New Delhi, April 21 (IANS) Jamaat-e-Islami Hind (JeIH) on Friday said it would hold a fortnight-long pan-India campaign from Sunday to create awareness about Muslim Personal Law.
JeIH President Syed Jalaluddin Umri said the campaign would not only educate non-muslims about Muslim Personal Law, but would also focus on those Muslims who don't follow it in its true letter and spirit.
Addressing a press conference here, Umri said a large section of muslim society was presently "suffering from ignorance" about Islamic family laws.
"It must be recognised that the primary reason for violation of Shariat is large-scale ignorance of muslim masses and lack of sincere commitment to Islamic norms," he said.
He added that their consequent "faulty conduct" while dealing with domestic disputes have created a "distorted image" of muslims and Islam.
"Courts of the land often pass judgements contrary to the position of Islamic Shariat on disputes related to Muslim Personal Law and media portrays a one-sided image," he said.
Umri added through the awareness campaign, which would conclude on May 7, the organisation would try to change perceptions and attitudes by "highlighting the ideology behind the Muslim Personal Law".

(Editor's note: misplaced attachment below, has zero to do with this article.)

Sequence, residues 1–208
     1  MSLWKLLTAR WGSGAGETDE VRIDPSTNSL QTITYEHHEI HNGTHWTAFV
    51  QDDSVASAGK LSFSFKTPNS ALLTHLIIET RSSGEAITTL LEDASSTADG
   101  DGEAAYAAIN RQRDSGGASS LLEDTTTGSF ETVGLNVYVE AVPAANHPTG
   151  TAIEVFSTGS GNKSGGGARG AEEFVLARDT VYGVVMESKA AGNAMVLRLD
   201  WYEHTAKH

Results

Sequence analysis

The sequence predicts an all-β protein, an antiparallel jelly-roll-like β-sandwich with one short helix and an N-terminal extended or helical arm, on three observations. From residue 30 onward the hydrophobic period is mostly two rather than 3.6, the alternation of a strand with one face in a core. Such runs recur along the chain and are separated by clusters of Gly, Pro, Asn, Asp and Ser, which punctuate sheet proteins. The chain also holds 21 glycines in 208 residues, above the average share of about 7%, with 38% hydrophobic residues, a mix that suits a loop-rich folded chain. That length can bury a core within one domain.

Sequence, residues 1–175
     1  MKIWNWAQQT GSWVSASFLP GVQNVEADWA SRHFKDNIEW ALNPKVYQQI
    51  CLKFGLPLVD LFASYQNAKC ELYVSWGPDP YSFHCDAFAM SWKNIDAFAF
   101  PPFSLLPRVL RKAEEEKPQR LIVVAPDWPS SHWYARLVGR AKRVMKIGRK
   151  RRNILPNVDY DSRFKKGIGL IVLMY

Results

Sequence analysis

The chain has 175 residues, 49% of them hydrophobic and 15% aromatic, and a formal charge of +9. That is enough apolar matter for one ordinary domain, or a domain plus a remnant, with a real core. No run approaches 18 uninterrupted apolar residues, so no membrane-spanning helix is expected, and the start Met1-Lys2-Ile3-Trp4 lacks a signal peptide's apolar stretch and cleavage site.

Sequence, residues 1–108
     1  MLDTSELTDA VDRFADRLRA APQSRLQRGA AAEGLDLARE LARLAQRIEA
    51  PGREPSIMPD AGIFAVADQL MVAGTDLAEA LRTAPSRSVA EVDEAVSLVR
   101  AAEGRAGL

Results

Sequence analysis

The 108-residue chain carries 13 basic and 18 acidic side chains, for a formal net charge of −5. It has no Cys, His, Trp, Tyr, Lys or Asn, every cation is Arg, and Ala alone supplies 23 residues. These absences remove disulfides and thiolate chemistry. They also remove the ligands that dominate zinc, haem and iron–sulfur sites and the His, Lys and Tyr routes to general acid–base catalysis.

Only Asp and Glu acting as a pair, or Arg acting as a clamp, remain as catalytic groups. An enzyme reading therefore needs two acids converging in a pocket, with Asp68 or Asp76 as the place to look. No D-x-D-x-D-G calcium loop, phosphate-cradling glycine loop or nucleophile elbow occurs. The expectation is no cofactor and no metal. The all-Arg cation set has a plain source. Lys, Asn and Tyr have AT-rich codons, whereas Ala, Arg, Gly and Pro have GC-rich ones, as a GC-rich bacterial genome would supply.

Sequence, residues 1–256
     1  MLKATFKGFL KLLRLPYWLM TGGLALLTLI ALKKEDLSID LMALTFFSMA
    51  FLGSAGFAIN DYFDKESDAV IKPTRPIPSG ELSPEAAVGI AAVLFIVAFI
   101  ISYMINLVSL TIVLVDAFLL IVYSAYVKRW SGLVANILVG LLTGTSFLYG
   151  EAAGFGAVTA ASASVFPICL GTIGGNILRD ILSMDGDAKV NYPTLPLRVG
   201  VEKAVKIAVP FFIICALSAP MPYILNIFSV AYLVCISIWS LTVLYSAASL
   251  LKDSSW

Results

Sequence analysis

"Today, it is being portrayed as if it is the only issue that is holding Muslims back and by doing away with the personal law, all problems would go away. It needs to be understood that this is not the case," he said.
He alleged the issue of Muslim Personal Law and "triple talaq" were being used to divert attention from all other issues that plague the muslim society.
Umri said over five crore muslims had signed a petition saying they wanted no change in the personal law.
"If muslims are following it, one needs to understand, it is because there is a philosophy and rationale behind it. Those questioning Islam didn't even try to understand it first," he added.
Mohammed Jafar, the convenor of the organisation, said the campaign would start in all state capitals on Sunday and would then move to all district headquarters and smaller cities.
He added that a mobile app and a website have also been designed for the awareness campaign.